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Publication numberUS20020118308 A1
Publication typeApplication
Application numberUS 09/793,552
Publication dateAug 29, 2002
Filing dateFeb 27, 2001
Priority dateFeb 27, 2001
Also published asUS6888580
Publication number09793552, 793552, US 2002/0118308 A1, US 2002/118308 A1, US 20020118308 A1, US 20020118308A1, US 2002118308 A1, US 2002118308A1, US-A1-20020118308, US-A1-2002118308, US2002/0118308A1, US2002/118308A1, US20020118308 A1, US20020118308A1, US2002118308 A1, US2002118308A1
InventorsFeliks Dujmenovic
Original AssigneeAti Technologies, Inc.
Export CitationBiBTeX, EndNote, RefMan
External Links: USPTO, USPTO Assignment, Espacenet
Integrated single and dual television tuner having improved fine tuning
US 20020118308 A1
Abstract
Improved television tuning circuits are disclosed. An example tuning circuit includes a fraction-N frequency synthesizer facilitating fine tuning. This tuning circuit may be formed using relatively few independent oscillators. The tuning circuit lends itself to the formation of an tuning circuit on an integrated circuit substrate. As well, this tuning circuit may be used to form a dual tuner tuning circuit integrated on a single integrated circuit substrate.
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Claims(19)
What is claimed is:
1. A dual television tuner tuning circuit formed on an integrated circuit substrate, comprising:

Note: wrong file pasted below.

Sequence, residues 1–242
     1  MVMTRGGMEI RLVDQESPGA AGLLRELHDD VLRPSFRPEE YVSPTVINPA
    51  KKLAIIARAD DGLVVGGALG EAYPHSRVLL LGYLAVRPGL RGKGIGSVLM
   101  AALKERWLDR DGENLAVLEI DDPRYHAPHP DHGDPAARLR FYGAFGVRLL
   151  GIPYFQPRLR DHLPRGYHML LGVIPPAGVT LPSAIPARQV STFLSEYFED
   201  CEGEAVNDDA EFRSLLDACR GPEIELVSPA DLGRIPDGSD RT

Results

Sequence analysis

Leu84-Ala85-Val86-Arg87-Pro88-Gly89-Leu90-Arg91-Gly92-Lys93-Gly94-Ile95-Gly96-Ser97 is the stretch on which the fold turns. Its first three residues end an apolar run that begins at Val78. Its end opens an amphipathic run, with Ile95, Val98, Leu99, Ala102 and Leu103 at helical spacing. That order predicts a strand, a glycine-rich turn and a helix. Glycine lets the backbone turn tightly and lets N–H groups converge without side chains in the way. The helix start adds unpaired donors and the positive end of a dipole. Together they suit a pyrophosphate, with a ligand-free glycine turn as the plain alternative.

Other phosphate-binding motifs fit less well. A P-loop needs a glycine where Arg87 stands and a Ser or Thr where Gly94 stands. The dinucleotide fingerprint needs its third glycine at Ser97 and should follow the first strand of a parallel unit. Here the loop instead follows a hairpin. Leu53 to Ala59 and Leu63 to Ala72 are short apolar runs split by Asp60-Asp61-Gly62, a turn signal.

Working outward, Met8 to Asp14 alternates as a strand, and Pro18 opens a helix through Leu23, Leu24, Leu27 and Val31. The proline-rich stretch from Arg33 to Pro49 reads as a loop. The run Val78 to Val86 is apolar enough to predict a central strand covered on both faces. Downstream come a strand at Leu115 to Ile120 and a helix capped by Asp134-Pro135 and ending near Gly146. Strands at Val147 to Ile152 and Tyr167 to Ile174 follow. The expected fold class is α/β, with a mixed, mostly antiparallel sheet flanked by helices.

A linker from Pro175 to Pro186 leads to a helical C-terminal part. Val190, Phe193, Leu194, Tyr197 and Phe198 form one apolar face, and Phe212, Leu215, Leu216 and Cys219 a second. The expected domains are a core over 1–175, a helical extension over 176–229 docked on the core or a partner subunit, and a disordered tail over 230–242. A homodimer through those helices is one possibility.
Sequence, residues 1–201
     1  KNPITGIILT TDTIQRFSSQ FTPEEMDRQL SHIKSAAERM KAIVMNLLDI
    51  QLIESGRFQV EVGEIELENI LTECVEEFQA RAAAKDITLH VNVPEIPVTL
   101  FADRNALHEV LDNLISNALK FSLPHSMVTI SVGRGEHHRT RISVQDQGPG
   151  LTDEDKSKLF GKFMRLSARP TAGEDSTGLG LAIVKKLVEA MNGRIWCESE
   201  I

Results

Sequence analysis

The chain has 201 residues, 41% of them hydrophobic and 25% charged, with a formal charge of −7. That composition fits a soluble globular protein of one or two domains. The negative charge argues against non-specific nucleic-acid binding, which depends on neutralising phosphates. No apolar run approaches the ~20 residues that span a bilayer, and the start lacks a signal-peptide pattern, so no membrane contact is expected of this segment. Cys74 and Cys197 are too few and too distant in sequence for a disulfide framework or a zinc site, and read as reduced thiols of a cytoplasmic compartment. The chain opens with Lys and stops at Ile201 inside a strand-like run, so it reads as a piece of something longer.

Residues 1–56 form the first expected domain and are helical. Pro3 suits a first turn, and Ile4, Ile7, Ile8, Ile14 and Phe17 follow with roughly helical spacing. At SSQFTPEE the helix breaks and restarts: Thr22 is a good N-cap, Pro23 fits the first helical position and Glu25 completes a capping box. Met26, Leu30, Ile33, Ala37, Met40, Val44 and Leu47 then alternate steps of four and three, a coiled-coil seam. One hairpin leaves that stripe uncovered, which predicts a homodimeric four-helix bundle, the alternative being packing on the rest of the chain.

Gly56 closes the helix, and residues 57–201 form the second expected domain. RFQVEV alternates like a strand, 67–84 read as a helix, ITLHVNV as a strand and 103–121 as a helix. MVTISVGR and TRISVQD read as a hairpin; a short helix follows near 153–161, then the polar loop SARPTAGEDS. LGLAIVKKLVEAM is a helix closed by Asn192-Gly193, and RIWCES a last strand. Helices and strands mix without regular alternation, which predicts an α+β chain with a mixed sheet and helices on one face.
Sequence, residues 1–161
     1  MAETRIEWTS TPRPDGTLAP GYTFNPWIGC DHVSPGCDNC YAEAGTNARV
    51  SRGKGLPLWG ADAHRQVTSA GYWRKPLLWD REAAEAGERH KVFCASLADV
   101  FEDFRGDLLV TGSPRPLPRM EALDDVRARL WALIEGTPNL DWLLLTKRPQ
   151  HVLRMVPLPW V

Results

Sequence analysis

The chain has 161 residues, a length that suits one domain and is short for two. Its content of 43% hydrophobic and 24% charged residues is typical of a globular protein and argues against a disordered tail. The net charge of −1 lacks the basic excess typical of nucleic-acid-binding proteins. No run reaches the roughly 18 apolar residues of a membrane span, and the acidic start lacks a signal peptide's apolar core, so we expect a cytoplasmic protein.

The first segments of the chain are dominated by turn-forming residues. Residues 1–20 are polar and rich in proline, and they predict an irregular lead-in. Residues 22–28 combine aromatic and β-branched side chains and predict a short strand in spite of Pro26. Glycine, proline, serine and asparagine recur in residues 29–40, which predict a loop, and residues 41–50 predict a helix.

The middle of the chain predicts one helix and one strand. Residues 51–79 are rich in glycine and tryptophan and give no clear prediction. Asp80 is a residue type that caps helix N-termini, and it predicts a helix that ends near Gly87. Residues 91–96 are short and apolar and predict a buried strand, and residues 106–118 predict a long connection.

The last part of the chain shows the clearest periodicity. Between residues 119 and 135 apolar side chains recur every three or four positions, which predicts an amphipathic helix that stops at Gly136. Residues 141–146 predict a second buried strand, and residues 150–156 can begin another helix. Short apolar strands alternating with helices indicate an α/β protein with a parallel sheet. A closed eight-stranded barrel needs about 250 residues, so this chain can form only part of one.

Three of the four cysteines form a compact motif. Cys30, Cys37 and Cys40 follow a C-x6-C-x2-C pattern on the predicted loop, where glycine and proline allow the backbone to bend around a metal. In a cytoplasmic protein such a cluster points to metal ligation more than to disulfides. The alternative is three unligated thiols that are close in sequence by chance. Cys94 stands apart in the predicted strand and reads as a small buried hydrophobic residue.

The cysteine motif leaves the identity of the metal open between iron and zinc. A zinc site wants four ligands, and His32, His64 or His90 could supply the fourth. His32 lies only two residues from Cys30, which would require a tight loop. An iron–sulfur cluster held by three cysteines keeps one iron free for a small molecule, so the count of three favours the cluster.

a first dual conversion television tuner operable to tune a first television channel in a received radio frequency signal;
a second dual conversion television tuner operable to tune a second television channel independently of said first television channel in said received radio frequency signal;
first and second frequency synthesizers associated with said first tuner for tuning said first channel; and
third and fourth frequency synthesizers associated with said second tuner for tuning said second channel.
2. The circuit of claim 1, wherein each of said frequency synthesizers comprises a single controlled oscillator.
3. The circuit of claim 2, wherein one of said first and second synthesizers comprises a fractional-N synthesizer and one of said third and fourth frequency synthesizers comprises a fractional-N synthesizer.
4. The circuit of claim 3, wherein each of said fractional-N synthesizers comprises:
a voltage controlled oscillator providing an output;
a dual modulus scaler having two states and operable to frequency scale said output of by a first value in its first state, and by a second value in its second state to provide a frequency scaled output;
a phase detector to detect a phase difference between a periodic reference signal and said frequency scaled output, and having an output controlling said voltage controlled oscillator;
an accumululator in communication with said modulus scaler, for changing the state of said modulus scaler after a plurality of periods of said reference signal.
5. The circuit of claim 3, wherein each of said fractional-N synthesizers comprises:
a voltage controlled oscillator providing an output;
a two modulus scaler having two states and operable to frequency scale said output of by a first value in its first state, and by a second value in its second state to provide a frequency scaled output;